לחם! בקרב עדות ודתות בארץ - הלחם בטקסי מחזור החיים  
Bread in the Cycle of Life Scenes from the Baker's World Bread and Politics From Seed to Loaf Home Page עברית
 
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"A morsel of bread given from the heart can feed a thousand" (Popular saying)

Bread does not have the ritual significance in Islam that it has in Judaism and Christianity. In everyday life, however, it has acquired a sacred status, and is referred to as "God's blessing" or "God's book" (a term normally reserved for the Koran). This special status does not manifest itself in the shape of the loaf, but rather in the way bread in general is treated: it is never thrown away, and, if a piece should fall to the ground, the finder will raise it to his forehead, kiss it, say "in God's name," and place it high up out of harm's way.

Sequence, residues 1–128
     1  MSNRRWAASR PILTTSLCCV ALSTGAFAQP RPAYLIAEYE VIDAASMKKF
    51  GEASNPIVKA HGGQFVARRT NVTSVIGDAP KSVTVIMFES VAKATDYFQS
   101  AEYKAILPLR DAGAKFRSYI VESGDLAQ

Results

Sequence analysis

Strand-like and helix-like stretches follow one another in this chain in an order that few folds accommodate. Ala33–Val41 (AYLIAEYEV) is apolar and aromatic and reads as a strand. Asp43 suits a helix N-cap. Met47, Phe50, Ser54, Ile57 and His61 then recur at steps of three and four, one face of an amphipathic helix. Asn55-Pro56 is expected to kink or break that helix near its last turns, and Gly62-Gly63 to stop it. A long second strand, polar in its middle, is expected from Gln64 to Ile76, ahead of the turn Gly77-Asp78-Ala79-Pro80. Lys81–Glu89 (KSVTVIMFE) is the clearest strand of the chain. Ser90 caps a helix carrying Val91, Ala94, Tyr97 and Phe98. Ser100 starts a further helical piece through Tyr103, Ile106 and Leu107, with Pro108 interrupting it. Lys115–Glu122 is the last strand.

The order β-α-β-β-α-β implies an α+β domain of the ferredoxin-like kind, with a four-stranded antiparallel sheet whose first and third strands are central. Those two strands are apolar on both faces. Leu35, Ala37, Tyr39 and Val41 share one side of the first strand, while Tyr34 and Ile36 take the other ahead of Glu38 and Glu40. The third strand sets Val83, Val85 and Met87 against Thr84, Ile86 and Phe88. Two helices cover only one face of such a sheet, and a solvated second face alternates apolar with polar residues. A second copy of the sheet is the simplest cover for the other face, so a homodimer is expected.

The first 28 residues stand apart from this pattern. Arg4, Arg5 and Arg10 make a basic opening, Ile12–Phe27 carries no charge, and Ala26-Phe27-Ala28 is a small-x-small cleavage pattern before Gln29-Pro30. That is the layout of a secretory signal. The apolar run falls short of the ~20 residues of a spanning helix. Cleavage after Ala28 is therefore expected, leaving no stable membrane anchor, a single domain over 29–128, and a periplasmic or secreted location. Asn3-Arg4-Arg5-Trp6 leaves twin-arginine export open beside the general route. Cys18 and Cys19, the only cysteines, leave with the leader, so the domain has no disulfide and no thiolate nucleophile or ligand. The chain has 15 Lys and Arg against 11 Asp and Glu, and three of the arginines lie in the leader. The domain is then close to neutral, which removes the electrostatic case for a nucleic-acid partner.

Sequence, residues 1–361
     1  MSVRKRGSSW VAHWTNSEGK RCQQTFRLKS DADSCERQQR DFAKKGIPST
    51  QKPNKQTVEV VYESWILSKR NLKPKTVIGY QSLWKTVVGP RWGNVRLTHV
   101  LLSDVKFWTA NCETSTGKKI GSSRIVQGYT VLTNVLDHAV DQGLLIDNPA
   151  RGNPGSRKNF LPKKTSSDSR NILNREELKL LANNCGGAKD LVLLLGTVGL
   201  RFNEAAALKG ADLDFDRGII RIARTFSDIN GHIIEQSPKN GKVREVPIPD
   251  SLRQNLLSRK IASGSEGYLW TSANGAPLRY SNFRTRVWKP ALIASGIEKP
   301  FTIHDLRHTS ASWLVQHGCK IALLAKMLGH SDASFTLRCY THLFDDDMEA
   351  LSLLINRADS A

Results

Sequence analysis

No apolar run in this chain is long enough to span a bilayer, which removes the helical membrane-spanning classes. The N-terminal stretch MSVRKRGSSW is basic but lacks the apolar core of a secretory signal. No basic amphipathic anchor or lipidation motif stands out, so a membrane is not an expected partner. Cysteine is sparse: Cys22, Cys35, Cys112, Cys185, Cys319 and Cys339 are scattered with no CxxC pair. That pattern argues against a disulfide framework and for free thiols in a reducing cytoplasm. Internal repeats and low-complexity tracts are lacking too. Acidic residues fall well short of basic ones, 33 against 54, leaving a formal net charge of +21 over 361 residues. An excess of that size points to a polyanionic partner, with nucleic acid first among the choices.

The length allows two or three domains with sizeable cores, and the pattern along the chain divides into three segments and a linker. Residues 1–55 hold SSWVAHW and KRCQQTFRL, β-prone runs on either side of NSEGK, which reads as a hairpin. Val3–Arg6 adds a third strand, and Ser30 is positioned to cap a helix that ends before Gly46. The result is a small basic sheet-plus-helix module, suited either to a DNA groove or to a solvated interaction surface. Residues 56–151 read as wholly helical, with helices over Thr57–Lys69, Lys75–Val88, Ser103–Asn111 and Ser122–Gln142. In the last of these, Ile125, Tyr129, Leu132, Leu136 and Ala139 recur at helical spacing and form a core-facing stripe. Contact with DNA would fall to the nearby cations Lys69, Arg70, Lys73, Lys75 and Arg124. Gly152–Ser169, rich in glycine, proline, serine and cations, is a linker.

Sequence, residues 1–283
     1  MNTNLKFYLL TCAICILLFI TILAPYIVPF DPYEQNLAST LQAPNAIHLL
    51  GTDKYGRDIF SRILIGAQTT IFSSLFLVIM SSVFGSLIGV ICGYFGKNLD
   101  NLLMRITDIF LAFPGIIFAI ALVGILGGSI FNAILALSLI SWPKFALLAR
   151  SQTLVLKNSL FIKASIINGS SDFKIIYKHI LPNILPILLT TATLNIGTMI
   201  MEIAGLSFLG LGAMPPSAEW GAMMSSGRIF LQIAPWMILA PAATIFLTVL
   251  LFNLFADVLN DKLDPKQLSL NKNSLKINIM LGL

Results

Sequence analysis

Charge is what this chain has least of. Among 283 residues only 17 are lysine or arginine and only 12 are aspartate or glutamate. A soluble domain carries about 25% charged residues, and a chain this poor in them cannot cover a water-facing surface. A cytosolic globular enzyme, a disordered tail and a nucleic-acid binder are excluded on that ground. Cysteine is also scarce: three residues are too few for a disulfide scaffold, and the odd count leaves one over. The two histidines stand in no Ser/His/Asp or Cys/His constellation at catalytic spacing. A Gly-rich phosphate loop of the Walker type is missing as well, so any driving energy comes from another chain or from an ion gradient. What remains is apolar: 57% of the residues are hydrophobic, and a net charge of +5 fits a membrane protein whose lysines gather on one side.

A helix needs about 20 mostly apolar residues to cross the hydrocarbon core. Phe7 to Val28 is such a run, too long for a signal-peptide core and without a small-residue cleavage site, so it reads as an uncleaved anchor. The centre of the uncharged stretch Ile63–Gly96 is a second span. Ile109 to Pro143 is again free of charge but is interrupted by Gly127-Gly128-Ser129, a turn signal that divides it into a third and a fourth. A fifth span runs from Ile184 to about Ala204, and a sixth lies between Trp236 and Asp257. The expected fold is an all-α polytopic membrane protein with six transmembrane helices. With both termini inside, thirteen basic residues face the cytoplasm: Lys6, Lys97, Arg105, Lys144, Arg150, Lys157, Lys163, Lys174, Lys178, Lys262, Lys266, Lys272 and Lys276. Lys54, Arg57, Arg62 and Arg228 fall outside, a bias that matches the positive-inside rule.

In Muslim tradition bread plays an important role in almsgiving and hospitality, and it is also used in folk medicine. It is sometimes placed under the pillow of a sick person, or may be passed over the patient's body while pleas for relief and Koranic verses are recited. Few breads are traditionally linked to specific religious festivals, though in recent years a larger variety of special breads for Ramadan is to be found in the markets, including even the Jewish hallah.


Ramadan bread (mafrud and hamamat), Jerusalem, 2006
Photo: Yahalom Boveta

 


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